Crazy Like Us: The Globalization of the American Psyche
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The most devastating consequence of the spread of American culture across the globe has not been our golden arches or our bomb craters, but our bulldozing of the human psyche itself. American-style depression, post-traumatic stress disorder, and anorexia have begun to spread around the world like contagions, and the virus is us. Traveling from Hong Kong to Sri Lanka to Zanzibar to Japan, acclaimed journalist Ethan Watters witnesses firsthand how Western healers often steamroll indigenous expressions of mental health and madness and replace them with our own. In teaching the rest of the world to think like us, we have been homogenizing the way the world goes mad.
the turn of the twentieth century or multiple personality disorder at the turn of the twenty-first) are examples of the unconscious mind attempting to speak in a language of emotional distress that will be understood in its time. People at a given moment in history in need of expressing their psychological suffering have a limited number of symptoms to choose from—a “symptom pool,” as he calls it. When someone unconsciously latches onto a behavior in the symptom pool, he or she is doing so for a
unlikely. Beginning with the scattered European cases in the early nineteenth century, it took more than fifty years for the disease to be named, categorized, and popularized by Western mental health professionals. By contrast, after Charlene fell onto the sidewalk on Wan Chai Road on November 24, 1994, it was just a matter of hours before the Hong Kong population learned the name of the disease, who was at risk, and what it meant. The people of Hong Kong did not come to these conclusions without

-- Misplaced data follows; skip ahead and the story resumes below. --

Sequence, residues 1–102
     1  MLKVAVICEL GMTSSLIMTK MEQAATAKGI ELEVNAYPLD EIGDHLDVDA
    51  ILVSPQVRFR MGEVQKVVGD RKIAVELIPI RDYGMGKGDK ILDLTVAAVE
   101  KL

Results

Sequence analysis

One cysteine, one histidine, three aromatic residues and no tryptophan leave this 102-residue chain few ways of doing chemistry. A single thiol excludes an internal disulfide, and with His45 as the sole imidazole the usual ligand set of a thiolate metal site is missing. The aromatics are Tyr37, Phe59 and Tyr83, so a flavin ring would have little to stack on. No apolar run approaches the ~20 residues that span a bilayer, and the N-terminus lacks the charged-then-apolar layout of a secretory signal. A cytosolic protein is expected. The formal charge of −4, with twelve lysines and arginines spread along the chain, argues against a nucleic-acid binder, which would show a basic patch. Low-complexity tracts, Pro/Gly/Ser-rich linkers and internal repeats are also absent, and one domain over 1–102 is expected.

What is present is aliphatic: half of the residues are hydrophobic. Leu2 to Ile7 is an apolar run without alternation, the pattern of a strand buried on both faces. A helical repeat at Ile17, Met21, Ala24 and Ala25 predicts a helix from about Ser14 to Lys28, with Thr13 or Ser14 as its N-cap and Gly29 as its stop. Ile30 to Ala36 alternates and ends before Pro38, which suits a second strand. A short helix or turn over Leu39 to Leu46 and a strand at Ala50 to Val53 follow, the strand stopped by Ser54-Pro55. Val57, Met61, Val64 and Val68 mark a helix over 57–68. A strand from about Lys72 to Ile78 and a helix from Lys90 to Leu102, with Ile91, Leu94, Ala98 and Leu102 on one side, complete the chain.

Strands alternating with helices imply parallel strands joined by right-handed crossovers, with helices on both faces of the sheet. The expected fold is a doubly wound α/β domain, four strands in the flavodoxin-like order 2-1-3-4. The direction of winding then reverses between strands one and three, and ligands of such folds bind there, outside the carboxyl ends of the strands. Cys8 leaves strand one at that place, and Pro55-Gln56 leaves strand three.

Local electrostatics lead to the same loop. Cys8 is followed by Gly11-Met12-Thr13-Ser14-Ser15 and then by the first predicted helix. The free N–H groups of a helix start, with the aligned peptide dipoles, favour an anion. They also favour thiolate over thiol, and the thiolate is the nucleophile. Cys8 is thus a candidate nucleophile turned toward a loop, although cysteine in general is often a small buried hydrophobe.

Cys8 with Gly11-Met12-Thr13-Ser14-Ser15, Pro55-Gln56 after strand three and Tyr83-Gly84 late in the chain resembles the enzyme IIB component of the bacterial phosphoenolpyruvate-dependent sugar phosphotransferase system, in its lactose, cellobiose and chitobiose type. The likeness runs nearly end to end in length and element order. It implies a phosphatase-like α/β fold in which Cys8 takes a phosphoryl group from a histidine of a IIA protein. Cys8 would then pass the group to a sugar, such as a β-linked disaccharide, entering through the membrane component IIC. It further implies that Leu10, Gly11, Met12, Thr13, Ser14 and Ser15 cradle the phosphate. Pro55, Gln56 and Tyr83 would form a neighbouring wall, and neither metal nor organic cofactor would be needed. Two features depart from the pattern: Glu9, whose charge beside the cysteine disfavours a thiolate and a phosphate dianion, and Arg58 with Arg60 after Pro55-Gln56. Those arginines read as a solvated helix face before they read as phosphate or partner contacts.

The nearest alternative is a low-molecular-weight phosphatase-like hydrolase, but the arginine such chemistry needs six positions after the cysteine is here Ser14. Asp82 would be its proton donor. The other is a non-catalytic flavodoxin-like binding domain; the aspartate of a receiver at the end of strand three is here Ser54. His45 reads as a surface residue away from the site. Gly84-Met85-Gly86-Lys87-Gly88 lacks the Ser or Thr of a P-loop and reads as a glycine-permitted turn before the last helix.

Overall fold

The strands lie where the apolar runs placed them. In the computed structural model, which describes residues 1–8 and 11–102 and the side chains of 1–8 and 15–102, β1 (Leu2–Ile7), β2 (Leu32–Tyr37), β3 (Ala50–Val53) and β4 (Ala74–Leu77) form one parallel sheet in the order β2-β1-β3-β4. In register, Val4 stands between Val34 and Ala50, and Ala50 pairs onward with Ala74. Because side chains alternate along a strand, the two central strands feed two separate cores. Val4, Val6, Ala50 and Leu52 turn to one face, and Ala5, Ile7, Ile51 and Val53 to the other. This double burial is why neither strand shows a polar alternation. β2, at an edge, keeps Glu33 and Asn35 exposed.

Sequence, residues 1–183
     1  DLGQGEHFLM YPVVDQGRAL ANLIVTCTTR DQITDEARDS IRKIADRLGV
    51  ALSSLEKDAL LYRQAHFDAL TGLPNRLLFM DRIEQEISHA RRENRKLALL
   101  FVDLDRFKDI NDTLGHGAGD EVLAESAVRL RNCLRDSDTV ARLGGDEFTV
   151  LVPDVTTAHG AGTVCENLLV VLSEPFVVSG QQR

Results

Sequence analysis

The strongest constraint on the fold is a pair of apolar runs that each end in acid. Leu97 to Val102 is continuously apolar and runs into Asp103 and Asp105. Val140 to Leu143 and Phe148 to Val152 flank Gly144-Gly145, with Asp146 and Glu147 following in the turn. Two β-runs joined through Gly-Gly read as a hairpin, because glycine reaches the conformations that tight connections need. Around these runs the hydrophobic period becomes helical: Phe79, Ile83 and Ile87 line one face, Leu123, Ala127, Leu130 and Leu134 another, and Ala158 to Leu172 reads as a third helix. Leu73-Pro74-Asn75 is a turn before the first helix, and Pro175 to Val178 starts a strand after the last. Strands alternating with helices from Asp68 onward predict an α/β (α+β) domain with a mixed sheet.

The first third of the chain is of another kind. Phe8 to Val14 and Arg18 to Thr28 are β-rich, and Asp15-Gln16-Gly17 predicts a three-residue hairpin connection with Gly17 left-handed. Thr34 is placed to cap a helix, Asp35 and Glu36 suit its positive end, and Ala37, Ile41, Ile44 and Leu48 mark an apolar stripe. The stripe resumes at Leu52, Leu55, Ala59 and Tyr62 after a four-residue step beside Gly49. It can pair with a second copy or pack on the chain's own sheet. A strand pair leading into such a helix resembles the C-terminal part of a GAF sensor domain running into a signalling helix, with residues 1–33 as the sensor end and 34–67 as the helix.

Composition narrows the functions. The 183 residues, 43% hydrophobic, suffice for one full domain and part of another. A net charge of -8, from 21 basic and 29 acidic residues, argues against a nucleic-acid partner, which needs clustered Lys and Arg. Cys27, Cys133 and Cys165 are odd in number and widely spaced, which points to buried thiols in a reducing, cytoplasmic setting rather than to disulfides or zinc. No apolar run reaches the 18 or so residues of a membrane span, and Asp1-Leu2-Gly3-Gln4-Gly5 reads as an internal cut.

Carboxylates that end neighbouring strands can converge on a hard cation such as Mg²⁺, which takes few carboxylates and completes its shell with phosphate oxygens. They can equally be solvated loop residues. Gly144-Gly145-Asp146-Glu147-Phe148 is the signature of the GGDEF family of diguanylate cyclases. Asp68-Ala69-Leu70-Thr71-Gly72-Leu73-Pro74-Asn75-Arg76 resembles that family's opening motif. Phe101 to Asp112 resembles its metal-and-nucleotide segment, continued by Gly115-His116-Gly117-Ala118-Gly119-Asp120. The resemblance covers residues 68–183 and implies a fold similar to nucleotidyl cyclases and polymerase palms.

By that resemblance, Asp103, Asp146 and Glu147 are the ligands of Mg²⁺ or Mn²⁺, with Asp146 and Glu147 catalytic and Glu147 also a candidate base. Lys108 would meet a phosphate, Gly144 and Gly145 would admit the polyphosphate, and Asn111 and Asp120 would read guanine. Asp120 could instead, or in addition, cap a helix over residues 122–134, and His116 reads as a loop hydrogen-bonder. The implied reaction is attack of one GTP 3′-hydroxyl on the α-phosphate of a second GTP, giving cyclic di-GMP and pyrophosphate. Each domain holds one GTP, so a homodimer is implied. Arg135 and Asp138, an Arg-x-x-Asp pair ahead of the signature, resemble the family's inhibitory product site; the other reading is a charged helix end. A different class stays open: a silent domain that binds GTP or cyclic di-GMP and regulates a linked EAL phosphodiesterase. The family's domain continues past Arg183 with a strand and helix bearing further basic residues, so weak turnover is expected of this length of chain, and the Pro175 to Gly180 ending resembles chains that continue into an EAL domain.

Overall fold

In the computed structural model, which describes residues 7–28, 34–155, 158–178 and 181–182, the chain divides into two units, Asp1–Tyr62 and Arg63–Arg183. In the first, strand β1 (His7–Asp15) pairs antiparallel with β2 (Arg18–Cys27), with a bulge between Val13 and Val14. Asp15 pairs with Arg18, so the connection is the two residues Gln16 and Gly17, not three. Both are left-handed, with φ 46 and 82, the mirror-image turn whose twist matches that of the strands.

whatever I think about he sees it.” Much of the torment of having these male presences in her head related to Islamic rules of female modesty. While the voices were with her, she felt she must respect the codes of conduct as if she were actually in the presence of a man. At such times she could not bathe or undress and she tried not to go to the bathroom. Although she sometimes found it helpful to argue with the voices when they became critical, her sense of decorum made it difficult for her to
were structured within the overall health care apparatus of Japan. Services were in the midst of a critical change, he reported. There was a burgeoning concern in the population about mood disorders and the need for social attention to suicide rates and depression. He also documented how the Western definition and symptom checklist for depression—thanks to the influence of the DSM in the profession—was steadily gaining ground among younger psychiatrists and doctors in Japan. “Japanese psychiatry
the patient’s experience. Because the key symptom—restricting one’s eating—was an external behavior, Lee saw an opening to do an experiment. He decided to mimic the behavior of an anorexic in the early stages of the disorder. “I got it in my head,” says Lee, “that if I wanted to truly be an expert on this condition, I needed to experience it for myself.” So he began to severely cut back on his food intake and skip lunch entirely. He also began an intense exercise routine. Like all dieters, at